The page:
There's a need to bond over something.  As far as secular symbols go, Old Glory still carries weight. I'm not gonna walk on stage and tell people how their symbols don't matter.  Of course they matter.

However I've always been taught graceful ways to stand aside on oath taking, using "affirm" or other language.  As a Quaker, I enjoy the practical consequences of walking an ethnic talk.

To me, that's the glue of the Americas: an understanding of our melting pot role, an acceptance of varying ethnic practices, yet getting the job done anyway.

People were already here; people came here from everywhere.  The flag belongs to Chief Crazy Horse as much as to General Custer.

With a history like that, one shouldn't be apologetic if "allegiance" means something nuanced.  Ben Franklin would understand.

Betsy Ross got in trouble with some Quakers, many of them still loyal to their King, in Revolutionary War times.  Free Quakers broke off from the mainstream, in taking a pledge of allegiance.

Later, Quakers as a sect forbade the practice of slavery among its members, well before the USG deemed slave-holding illegal. We're in a similar position today with our support for the UN treaty banning nuclear weaponry.  We also remember the Kellog-Briand Pact.

Saturday, September 23, 2017

Fall Equinox Celebration

Equinox Party

The Friday following the CERM Academy presentation, we gathered for potluck.  Greg & family were of course invited and may make it another time.

We've been doing these Equinox and Solstice celebrations pretty much since being granted access to the Linus Pauling House as a part of the Silicon Forest sponsored ISEPP project, which included restoration and preservation of this historic home.

Linus studied chemistry in the basement and came to intellectual maturity during that exciting time  when organic chemistry was first getting its head around macro molecules, DNA included. He won two Nobel Prizes, one for Chemistry, one for Peace.

Our discussion turned to off-color acronyms, such as engineers use to remember the color coding of resistors. That took us to the politically incorrect (at first blush) mnemonic phrase I learned at Junior English School (Appian Way, Rome) for spelling "arithmetic": A Red Indian Thought He Might Eat Tobacco in Church.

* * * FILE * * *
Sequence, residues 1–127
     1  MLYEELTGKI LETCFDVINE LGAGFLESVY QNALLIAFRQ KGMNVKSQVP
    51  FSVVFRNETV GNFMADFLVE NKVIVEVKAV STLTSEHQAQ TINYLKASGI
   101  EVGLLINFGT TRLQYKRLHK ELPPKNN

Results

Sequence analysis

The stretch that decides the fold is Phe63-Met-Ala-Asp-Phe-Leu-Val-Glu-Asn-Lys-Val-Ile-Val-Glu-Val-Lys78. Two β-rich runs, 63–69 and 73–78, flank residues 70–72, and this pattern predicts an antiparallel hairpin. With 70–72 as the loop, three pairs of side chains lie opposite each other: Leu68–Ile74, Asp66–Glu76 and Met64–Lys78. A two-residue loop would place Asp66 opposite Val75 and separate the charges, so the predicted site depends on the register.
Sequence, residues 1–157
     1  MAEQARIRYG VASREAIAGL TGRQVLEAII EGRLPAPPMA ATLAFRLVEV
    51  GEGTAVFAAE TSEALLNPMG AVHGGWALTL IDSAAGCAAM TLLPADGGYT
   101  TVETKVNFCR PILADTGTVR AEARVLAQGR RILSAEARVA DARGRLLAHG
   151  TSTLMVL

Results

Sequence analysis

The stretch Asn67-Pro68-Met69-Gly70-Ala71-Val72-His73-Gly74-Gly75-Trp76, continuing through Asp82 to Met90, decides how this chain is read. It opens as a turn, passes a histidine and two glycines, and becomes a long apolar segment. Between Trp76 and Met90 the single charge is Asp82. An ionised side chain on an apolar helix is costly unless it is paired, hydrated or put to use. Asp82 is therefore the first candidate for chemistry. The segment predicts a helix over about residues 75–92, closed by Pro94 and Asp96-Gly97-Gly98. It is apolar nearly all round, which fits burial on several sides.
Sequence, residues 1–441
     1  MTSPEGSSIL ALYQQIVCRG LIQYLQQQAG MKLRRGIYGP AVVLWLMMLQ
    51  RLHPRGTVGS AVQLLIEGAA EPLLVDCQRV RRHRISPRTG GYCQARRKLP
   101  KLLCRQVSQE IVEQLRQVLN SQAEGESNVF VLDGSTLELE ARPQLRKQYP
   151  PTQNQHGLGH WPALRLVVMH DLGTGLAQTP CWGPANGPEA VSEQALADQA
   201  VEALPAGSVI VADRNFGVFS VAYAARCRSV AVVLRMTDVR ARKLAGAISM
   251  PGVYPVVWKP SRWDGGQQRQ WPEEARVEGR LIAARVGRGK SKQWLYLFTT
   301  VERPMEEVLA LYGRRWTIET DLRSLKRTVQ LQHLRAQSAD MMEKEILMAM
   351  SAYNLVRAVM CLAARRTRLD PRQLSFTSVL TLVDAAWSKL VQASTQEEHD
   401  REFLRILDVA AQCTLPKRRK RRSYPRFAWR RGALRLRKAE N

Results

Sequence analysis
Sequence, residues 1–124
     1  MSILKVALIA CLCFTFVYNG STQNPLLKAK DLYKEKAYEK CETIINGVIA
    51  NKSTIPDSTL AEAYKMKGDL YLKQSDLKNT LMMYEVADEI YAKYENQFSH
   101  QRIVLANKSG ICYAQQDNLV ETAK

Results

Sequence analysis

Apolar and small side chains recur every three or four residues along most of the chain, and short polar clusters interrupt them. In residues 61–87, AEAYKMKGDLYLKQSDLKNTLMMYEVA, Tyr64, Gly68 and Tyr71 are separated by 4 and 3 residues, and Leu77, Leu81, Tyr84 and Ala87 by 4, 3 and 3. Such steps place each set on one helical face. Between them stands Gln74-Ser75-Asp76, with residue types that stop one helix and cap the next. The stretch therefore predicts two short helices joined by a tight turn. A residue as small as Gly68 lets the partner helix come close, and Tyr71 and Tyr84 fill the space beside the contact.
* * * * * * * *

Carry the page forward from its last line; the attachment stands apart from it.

Bob McGown and I realized somewhere around the time I trucked out Pascal's Triangle, that this Red Indian must be that very Chief SohCahToa to whom we who our memorization of the specific names of functions in Trigonometry.  He lives in a tetrahedron tepee. It all came together.

My spin is of course smoking tobacco would be the natural thing in a church, seeing as it was treated as a medicine and religious substance.  We have lots of "tobacco churches" in America, and that's just for starters.

C6XTY, often dubbed a "molecule" by neighbors, especially when assembled, is indeed named in part for C60, the carbon molecule.  The 6 also refers to its six identical parts, locked together with eight screws to give the 12 pentagons and 20 hexagons of the Fullerene macro molecule.

Alpha Helix by Julian voss Andreae, the red helical sculpture outside, commissioned by ISEPP's Doug Strain and its president, Terry Bristol, shows a much simpler molecule than DNA, but one that inspired chemists with portents of what folding could do. Linus Pauling had worked out its structure.

We collectively learned molecules could do origami like nobody's business.  Shape matters, a lot. There's a jigsaw puzzle aspect to chemistry, with lots to visualize.  Chemistry is a lot like a block-based language (thinking of MIT Scratch and its kin).

In attendance: David DiNucci, Barbara Stross, Dick Pugh... I could go on, but not everybody likes their name mentioned.  Brenda Wyse showed up, nice for me as she always showers me with affection (an English idiom).  No Nirel though.

We talked a lot about Brenda's ambitions to get a rather muscular tractor.  She'd done a lot of homework and got into details.  I enjoy tractor talk, even if I'm not good at it.  She has a large farm, that her dad worked on, showing her the ropes.  We've had celebrations there to.